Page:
Flashing text is the devil's work......I have no idea why that is or has been or will ever be a good idea...

Hope that helps, very IT focused but that's what I (kinda!) know.....

What is key, and this applies mainly to permie roles, is that you DO supply all the relevant documents at the earliest possible stage.

This means uni/college degrees/certificates and preferably a final or "zwischen" reference from all employers listed on your CV. Nothing more is required, no school reports for example.

If you are coming from abroad and have never had written refs then I'd always explain this in the mail/application letter and, at the very least, offer to provide the names of referees in each position.

The above is assuming that you are applying direct to the client.

Of course if you use the services of a reputable and talented agent/agency then they'll aid you with all of the above!
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Old 23.10.2006, 13:16
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Re: How to write a Swiss CV?

Quote:
Of course if you use the services of a reputable and talented agent/agency then they'll aid you with all of the above!
Dare I? You've left yourself open here...

Nah, this post is enough

No seriously, good points. Thanks.

Edit:
What are your views/practises on scanned and OCR'd CVs?
There are some agencies that do over here and I get a headache trying to follow them...
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Old 23.10.2006, 13:16
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Re: How to write a Swiss CV?

Quote:
Hi all,

I'm looking for advice on how to write my CV to the standard which is expected by a potential Swiss employer. I did a search on the internet, but it came up with mostly rubbish, but I thought there would be a lot more relevant information from here anyway.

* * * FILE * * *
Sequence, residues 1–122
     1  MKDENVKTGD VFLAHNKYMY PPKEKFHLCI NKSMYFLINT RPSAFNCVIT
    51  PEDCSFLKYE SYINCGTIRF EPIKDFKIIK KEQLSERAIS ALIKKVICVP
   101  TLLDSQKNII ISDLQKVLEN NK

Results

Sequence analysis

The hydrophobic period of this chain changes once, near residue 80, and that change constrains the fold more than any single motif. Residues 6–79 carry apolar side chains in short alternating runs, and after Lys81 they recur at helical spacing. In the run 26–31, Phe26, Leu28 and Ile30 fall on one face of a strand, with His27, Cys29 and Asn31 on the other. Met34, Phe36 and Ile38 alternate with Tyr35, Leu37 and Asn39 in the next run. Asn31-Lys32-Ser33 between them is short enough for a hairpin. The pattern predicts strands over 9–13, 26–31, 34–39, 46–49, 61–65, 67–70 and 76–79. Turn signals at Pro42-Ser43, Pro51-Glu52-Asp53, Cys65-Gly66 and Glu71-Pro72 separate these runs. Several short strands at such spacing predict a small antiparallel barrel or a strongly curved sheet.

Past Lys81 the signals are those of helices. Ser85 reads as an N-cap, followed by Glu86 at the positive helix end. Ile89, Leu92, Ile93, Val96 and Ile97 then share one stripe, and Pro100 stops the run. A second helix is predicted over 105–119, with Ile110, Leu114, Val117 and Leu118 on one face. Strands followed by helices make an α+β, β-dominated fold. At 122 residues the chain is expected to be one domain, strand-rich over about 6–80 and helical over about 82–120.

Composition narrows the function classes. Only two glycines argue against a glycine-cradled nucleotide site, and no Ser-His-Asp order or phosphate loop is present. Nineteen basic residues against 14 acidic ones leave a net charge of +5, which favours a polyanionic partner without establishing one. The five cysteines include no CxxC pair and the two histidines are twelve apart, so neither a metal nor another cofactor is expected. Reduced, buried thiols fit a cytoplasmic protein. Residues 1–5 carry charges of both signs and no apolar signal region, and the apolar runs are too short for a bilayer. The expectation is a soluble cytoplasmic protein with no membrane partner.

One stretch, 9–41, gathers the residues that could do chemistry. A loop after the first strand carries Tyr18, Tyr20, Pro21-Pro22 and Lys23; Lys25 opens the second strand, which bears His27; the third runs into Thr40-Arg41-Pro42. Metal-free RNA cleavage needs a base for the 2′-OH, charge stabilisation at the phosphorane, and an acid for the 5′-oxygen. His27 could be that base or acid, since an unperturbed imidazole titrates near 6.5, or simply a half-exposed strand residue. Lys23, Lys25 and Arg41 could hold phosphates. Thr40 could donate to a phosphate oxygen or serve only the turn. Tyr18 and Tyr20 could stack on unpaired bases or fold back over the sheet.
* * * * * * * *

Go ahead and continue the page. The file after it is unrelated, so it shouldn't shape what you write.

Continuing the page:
Okay if I am being asked here is the answer to the wrong question. I do not think you are wanting to know how to write a c.v. but how to write the job application - ie a (German word) Bewerbung.

Presentation and information - assuming this is direct to an employer will get you everywhere.

Firstly the Swiss will think nothing of spending up to 10 Francs on getting the right type of folder to put your application in - no joke.

This will be a fold out on two or three sides . ie it will either be like a book left leaf, right leaf or like a fancy restaurant card - left leaf, right leaf & middle leaf.

This will then allow you the opportunity to separate out the key parts of the application which are - the cover letter, which will be separate on the book style folder, the c.v. and the references.

Lets now look at references. References can go chronologically forwards or backwards and can include all the shit of the world. I have had some applications that have been practically books The principle of the Swiss reference is to back up any claim made in the c.v. and it is a useful exercise when writing your c.v. to cross reference the references. Do not forget it is entirely possible in Switzerland to get a job based entirely on the written reference, which is why it is SO important that they are accurate and fair. The Swiss reference is not a simple affair but you can search this forum for what I, and others, have written on that...